In Part 1, I talked about forms of digital activism, like Twitter, using the “like” feature on Facebook and writing blogs that really are limited to the more Internet savvy segments of the American population. The practice that originally prompted me to write these posts is much more widespread – the forwarded email. I’ll limit myself to discussing the political and social commentary emails; though I’m sure most of us could come up with a good rant about the numerous varieties that clog our inboxes.
I was first prompted to consider writing on this topic after receiving yet another opinionated email that ended by urging me to forward it to 10 more people so that soon it would reach nearly everyone in the U.S. I was struck by how many of these messages imply that by simply clicking on the forward button you will have done a great service to our country by spreading this information. If you forward the so-called facts about the movement of manufacturing overseas, you’ve done your part to make things better. There’s rarely a call for you to actually do anything. Or if there is, it tends to be something completely unrealistic – everyone should buy gas that’s refined from U.S. oil so we’re not dependent on foreign oil. OK, that sounds like a good idea except that there isn’t enough supply to meet the demand. That would be why we import oil in the first place. Of course, there’s no need to switch from a gas guzzler to a more fuel-efficient car. Forward the email instead.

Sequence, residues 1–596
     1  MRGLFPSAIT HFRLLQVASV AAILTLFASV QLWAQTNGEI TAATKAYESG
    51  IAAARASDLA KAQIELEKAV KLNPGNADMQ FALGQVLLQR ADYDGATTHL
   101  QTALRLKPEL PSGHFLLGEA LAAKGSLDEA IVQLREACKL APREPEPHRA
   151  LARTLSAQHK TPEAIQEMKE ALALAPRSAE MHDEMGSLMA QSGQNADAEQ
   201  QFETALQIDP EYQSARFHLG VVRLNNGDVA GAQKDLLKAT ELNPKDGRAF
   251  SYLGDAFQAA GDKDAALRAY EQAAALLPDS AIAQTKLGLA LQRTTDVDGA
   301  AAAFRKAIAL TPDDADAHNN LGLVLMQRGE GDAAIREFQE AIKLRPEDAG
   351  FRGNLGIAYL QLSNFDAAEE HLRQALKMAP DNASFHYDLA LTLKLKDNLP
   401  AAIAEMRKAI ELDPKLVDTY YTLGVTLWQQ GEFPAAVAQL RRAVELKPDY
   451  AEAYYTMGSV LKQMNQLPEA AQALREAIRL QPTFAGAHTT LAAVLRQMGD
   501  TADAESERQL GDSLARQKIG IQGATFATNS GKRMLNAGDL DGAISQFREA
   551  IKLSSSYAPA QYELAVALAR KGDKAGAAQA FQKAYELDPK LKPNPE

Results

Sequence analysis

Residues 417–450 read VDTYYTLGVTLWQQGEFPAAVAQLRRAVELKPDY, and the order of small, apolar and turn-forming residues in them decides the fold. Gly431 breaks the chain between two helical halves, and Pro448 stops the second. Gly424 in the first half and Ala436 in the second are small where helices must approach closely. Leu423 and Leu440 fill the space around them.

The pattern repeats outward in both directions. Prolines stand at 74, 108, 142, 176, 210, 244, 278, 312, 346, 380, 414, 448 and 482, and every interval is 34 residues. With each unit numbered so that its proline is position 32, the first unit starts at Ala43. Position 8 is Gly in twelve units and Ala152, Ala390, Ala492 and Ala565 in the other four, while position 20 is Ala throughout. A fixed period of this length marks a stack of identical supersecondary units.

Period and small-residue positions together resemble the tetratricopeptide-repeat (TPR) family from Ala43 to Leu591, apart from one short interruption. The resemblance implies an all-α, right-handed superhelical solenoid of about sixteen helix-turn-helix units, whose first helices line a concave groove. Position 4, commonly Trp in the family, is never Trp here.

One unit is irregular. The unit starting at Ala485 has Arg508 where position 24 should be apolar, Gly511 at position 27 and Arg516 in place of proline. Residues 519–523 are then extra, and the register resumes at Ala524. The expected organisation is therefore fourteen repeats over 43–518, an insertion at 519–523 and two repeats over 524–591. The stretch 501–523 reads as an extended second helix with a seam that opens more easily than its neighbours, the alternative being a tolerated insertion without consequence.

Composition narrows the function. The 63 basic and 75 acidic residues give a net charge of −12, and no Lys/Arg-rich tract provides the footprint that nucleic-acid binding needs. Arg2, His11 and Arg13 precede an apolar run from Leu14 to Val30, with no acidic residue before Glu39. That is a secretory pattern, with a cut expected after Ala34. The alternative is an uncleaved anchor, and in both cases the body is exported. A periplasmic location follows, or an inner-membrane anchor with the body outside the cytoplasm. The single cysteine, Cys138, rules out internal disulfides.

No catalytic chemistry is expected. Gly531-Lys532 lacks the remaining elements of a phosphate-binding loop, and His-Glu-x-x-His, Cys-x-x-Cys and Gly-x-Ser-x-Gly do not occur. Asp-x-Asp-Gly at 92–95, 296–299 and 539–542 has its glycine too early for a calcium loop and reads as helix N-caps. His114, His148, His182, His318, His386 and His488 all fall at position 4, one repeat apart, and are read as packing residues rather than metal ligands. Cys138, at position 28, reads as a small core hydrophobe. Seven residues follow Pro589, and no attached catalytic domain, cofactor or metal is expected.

Aside from the complacency encouraged by this idea that you can make a real difference just by forwarding the message, these types of political messages are generally one-sided and filled with misinformation or distortions. Rather than encouraging the open discussion necessary for democracy to truly flourish, they imply that any other opinion is inconceivable or stupid. The authors of these emails are catering to what people want to hear, not challenging them to think beyond their preconceived ideas. Who wouldn’t want to believe that by simply boycotting certain gas stations we could drastically reduce the price of gas? Forward the message and you’ll help change the world. When it doesn’t work, don’t question the original premise; it must be the fault of those people who didn’t forward the message.
In this age of instant information, it has become increasingly important that we learn to evaluate the information that bombards us constantly. We have to educate ourselves and question our own assumptions. Our society is not going to be improved by unthinking acceptance of ideas that simply feed our existing opinions or wishes. But it’s much easier to nod knowingly. And point and click.
Just do us both a favor. Don’t bother forwarding that message to me because I won’t send it any further.